HR has an important job to do when recruiting and selecting talent. Yet, it should be mindful that its messaging can have as much impact on customers as anything that comes out of the marketing department. Reaching across departments can add some expertise that will make recruitment and selection more effective. And, who knows, maybe they will ask for your advice in the future.
I am going to write about an issue with political ramifications while doing my best not to be political, so please accept these thoughts in that light.
One thread going through the proposed ban on legal immigration to the U.S. is the effect it will have on the tech industry. Those companies are concerned that some of the talent they need from other countries will be unable to either enter the U.S. on an H-1 visa or be allowed to immigrate here.
Another issue that the tech industry has struggled with is hiring a diverse workforce in the U.S. Much has been made of the lack of women and (domestic) minorities in the tech field.
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However, there are more programs to teach tech skills to minorities and girls than you can shake a stick at. A Google search of “minority tech training” garnered almost 18 million hits and “girls tech training” got 198 million. So, there is not a shortage of opportunities to obtain coding or other tech skills in the U.S. and these programs have created a pipeline of talent. Likewise, there are specific tech incubator programs for women and minorities who want to start their own companies.
Why is all of this important? Primarily because for a company to be innovative it needs to look at the world through a window and not a straw. There are more tech users outside of the U.S. than inside, so to be successful internationally companies need foreign talent. Shutting our borders and wanting our companies to compete overseas is a difficult problem to solve. Women and minorities outnumber white males in the U.S., so the companies that harness those perspectives are likely to be the most successful ones.
So, what might be the barriers to connecting talent to opportunity?
- Hiring like us. I’ve written before about the built in bias we all have of wanting to be with others who have a similar background. This is very prevalent when it comes to which schools the person attended, which sports s/he played, etc. This can be alleviated by:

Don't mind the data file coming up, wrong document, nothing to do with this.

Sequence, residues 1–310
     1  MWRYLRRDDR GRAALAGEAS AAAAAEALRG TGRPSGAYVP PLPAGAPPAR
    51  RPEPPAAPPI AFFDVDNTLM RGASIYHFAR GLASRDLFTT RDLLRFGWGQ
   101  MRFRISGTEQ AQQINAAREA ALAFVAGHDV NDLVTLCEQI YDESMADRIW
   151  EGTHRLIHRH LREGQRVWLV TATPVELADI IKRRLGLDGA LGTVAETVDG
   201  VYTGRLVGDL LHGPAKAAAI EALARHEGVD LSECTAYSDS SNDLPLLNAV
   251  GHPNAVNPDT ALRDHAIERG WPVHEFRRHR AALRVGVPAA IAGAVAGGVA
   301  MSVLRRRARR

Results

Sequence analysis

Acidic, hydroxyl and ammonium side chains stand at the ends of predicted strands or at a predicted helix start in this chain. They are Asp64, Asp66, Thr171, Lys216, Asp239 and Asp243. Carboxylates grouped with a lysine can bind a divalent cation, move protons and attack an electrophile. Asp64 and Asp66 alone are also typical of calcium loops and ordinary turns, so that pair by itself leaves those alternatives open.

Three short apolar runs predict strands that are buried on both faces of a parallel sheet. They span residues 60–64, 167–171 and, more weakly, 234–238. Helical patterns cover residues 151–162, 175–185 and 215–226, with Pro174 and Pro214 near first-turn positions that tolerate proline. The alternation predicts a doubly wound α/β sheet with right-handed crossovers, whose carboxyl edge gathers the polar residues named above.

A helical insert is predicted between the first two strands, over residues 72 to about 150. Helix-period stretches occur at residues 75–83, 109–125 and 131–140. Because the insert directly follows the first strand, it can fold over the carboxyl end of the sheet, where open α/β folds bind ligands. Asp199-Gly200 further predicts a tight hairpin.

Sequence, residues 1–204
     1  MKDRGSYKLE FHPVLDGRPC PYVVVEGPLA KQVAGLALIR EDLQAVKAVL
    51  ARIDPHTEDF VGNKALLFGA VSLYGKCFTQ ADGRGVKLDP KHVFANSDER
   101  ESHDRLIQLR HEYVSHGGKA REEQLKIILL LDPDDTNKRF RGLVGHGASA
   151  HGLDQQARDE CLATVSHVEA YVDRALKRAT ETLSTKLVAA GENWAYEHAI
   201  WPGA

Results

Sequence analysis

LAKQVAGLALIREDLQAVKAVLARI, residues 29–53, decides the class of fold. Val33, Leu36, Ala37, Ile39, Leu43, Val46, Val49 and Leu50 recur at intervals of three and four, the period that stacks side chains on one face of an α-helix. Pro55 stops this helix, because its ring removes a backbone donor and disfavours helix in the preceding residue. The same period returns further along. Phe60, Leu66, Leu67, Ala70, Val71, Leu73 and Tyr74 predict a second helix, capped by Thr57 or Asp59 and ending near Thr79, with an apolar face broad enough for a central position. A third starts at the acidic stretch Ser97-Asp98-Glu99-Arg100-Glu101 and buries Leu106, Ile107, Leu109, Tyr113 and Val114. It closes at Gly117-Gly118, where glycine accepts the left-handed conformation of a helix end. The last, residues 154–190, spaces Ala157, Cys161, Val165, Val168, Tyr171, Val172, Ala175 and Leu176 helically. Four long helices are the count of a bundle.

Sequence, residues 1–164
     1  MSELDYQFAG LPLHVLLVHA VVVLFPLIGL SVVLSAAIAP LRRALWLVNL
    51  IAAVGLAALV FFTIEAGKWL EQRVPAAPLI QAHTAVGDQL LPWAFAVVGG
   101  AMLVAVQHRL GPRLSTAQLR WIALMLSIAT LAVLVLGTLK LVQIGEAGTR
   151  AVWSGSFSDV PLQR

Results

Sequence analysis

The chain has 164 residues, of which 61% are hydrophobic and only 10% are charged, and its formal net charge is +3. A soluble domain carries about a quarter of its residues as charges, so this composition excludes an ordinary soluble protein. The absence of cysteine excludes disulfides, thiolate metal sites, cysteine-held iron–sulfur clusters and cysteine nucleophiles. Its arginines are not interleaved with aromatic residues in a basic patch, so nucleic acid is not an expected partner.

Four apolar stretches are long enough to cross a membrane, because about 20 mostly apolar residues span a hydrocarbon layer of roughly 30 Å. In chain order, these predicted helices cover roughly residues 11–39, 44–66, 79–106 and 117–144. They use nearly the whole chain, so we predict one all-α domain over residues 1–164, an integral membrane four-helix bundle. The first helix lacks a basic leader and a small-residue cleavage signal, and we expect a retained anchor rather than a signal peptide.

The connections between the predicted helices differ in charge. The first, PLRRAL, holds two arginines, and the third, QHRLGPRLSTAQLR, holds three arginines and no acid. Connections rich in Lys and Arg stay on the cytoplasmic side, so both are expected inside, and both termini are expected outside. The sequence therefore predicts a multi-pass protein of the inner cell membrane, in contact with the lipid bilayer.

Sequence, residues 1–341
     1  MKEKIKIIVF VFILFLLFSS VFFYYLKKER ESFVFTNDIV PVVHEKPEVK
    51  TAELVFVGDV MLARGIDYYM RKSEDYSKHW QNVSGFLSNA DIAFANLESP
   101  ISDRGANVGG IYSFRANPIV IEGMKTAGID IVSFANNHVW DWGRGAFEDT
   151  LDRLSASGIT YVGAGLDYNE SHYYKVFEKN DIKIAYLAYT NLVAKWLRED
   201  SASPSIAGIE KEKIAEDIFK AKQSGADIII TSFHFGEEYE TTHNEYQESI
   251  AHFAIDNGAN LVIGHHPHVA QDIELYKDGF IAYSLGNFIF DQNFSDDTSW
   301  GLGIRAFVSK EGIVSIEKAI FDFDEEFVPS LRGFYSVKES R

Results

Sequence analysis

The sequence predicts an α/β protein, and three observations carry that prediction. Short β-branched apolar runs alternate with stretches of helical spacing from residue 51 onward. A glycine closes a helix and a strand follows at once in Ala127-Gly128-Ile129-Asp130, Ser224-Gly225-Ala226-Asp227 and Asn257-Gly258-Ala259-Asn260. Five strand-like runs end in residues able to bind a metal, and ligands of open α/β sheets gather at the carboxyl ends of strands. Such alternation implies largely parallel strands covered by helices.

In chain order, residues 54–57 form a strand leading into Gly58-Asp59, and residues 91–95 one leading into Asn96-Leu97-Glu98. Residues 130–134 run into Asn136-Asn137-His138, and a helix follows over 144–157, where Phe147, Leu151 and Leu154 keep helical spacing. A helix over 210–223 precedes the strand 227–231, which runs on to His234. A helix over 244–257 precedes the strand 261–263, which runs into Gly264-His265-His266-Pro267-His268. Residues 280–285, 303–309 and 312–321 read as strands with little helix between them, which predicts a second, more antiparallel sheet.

- Removing names from resumes.
- Removing schools and extra-curricular activities from resumes, unless you have data supporting their use (and the literature on the validity of training and experience measures is not encouraging).
- Recruiting where you have never recruited before. For instance, go to schools that are not currently represented in your workforce.
- Candidates being unfamiliar with the hiring process. In our bubbles we think that every step of the hiring process is normal. But, to use a tech example, if I come from an area without many tech companies, I might not be familiar with “whiteboarding” code problems as part of an interview. Being transparent about the steps and letting people know what to expect removes a potential barrier between you and a qualified candidate.
- Hiring processes that invite bias. Whether it is how you score your interviews or evaluate resumes, having an evaluation rubric will reduce bias.
- Echo chambers on interview panels. Have diverse points of view (e.g., people from different departments) on your interview panel. This is likely to encourage meaningful follow-up questions, even within a structured interview.
I do not think that lowering standards is an appropriate response to creating a more diverse and innovative workforce. Building walls (metaphorical or otherwise) makes the problem worse. Rather, companies need to build more bridges to find qualified candidates to bring different perspectives to their organizations. Yeah, I get that it is more work, but a competitive marketplace demands it.